Last fall's DJ Hero was a critical success, but not so much a commercial one. Released as a high-priced bundle amidst a packed holiday season and surrounded by Activision's overloaded Guitar Hero release schedule, the game was initially overlooked by many consumers who simply assumed it was a Guitar Hero knock-off because of the name. It wasn't until word of mouth spread that 1) the game was quite unlike Guitar Hero and 2) it was pretty damn awesome in its own right that sales of DJ Hero started to pick up steam. Now, nearly a year later, the original is considered a success and the second iteration is getting ready to drop. We recently met up with Activision to give it a spin.
Sitting down with DJ Hero 2, the first thing that you notice is the clean lines of the interface. Everything has been trimmed down with a minimalist bent, focusing on efficiency over flash. This is a good thing because it allows you to get right to what's important: the music.
Multiplayer is big for DJ Hero 2, and as such, the multiplayer modes behind the original game have been expanded upon. Top of the list is battle mode, which is designed to mimic a classic DJ battle. Jumping into a battle, each DJ takes turns spinning. When one is active, the other is merely biding his time. Over the course of the song, the active player will flip back and forth multiple times, giving both a chance to prove their skills as well as take in their opponent's performance. Sadly, the game can only score you based on the spinning action, but we can already imagine some of the freestyle hijinks that are going to ensue when groups gather around this one at a party.
Aside from battle mode, the game also offers up accumulator, checkpoint and streak modes. Here both players are playing at the same time, with each song broken up into chunks. You are scored individually on each chunk, with the winner being whoever mastered the most sections. The difference between the modes is how those chunks are won.
In accumulator mode, it's all a matter of knowing when to "bank" your points. Every time you mess up, the score resets, but if you've banked your points, they're safe. With a limited number of banks — you start each song with three — you can't just constantly slam on the euphoria buttons. It's a matter of knowing the song as well as knowing your own ability. If you've got a good multiplier going and a tricky part coming up, do you play it safe and bank, or do you risk it all for a massive score?
Checkpoint scores your performance across time-based checkpoints. He who wins the most checkpoints wins the match. Meanwhile, streak mode has you focusing on combos. There's finally a more traditional head-to-head mode that is much like the competitive multiplayer in the original game. Just play the song, and the winner is whoever performs the best overall.
For casual players, party play mode is going to be the big one. No score, no stress, no worries. You can pick your mix or just let the song auto-cycle. Play if you want. Or don't. Just let the music go. It's slick, smooth and designed to allow for just about anyone to hop in and hop out. Assuming the full music selection holds up as well as the few songs available in the demo build (Activision is still keeping the final list of mixes close to its chest), party play could be a sweet way to mix things up at a gathering.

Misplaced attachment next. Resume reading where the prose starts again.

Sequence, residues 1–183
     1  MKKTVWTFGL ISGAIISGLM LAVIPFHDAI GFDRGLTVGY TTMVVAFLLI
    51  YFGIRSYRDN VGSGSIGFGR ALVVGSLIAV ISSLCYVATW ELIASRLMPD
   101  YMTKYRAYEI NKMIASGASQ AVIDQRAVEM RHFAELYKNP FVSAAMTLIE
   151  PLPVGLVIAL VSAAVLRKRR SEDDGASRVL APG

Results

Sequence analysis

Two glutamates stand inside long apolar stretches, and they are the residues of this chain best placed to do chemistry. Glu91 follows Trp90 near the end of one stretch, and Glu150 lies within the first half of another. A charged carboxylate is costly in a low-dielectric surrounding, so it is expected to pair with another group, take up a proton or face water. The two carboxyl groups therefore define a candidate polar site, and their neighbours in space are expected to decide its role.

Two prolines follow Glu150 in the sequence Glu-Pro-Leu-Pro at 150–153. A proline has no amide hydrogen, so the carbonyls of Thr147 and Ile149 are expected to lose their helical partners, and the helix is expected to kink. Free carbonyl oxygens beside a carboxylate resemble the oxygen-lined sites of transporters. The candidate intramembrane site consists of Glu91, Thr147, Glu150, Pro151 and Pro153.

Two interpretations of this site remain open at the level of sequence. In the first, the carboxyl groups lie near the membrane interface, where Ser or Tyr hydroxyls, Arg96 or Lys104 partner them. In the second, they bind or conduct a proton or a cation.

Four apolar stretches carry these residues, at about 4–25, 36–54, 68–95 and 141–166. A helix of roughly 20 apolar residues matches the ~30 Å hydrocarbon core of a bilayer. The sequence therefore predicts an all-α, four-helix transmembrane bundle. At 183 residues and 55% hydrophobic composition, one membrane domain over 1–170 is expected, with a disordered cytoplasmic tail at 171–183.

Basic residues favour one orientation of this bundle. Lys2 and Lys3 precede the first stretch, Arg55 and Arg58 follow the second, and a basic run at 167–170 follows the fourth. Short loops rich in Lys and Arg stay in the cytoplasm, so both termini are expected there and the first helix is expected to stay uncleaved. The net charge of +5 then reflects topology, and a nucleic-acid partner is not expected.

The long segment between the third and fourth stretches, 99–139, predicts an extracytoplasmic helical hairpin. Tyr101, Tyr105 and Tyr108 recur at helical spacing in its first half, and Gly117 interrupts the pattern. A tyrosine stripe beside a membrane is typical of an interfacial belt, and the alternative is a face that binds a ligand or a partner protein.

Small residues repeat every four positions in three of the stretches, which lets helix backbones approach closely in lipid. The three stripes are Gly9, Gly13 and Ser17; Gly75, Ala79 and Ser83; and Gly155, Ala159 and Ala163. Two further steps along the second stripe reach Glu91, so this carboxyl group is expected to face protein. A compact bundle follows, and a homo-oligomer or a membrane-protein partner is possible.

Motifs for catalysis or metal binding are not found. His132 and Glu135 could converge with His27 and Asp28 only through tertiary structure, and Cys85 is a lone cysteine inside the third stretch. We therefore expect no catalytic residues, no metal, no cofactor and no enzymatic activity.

We weren't allowed to dive into the single-player campaign, but after spinning more than a few mixes in both multiplayer and solo runs, there are a few notable changes to the core gameplay that are worth mentioning.
Foremost on the list is the freestyle mixing. One of the more commonly requested features from the first game, freestyle mixing allows you to slide back and forth between your two tracks at will. Scoring is based on how effectively you bounce back and forth (simply slamming the fader left and right isn't going to help much), so there is an element of beat matching at work. You can also freestyle sound effects.
When flying solo, freestyling is all yours, but in multiplayer, it's all about who triggers it first. Since the game can't support two separate mixes (and it would also sound pretty crappy if it did) whoever makes the first move when a freestyle section comes up gets control. The player who misses out just has to wait it out.
The guitar support present in the first game was persona non grata during our demo, but the vocalist option was front and center. A vocalist can jump in and play in all the modes, complete with lyrics, pitch meter and an individual score. The vocalist doesn't directly help either of the DJs, but the option is smoothly integrated and allows for another player to join the action without having to use a turntable.
Perhaps our one disappointment walking away from the demo is the fact that the turntable controllers have not been updated. For the most part, this isn't an issue as the hardware is generally solid. Our gripe here has to do with the plastic slider that makes up the fader. There is very little feedback when returning to center, which makes it easy to miss that neutral point. Given that fading is such a core element of play, we were hoping to see a revised controller option with a sturdier slider. In the grand scheme of things, though, it is a minor point.
With Guitar Hero undergoing a complete redesign this year, DJ Hero 2 has quietly poised itself to be the marquee music title from Activision. We can't wait to play more.
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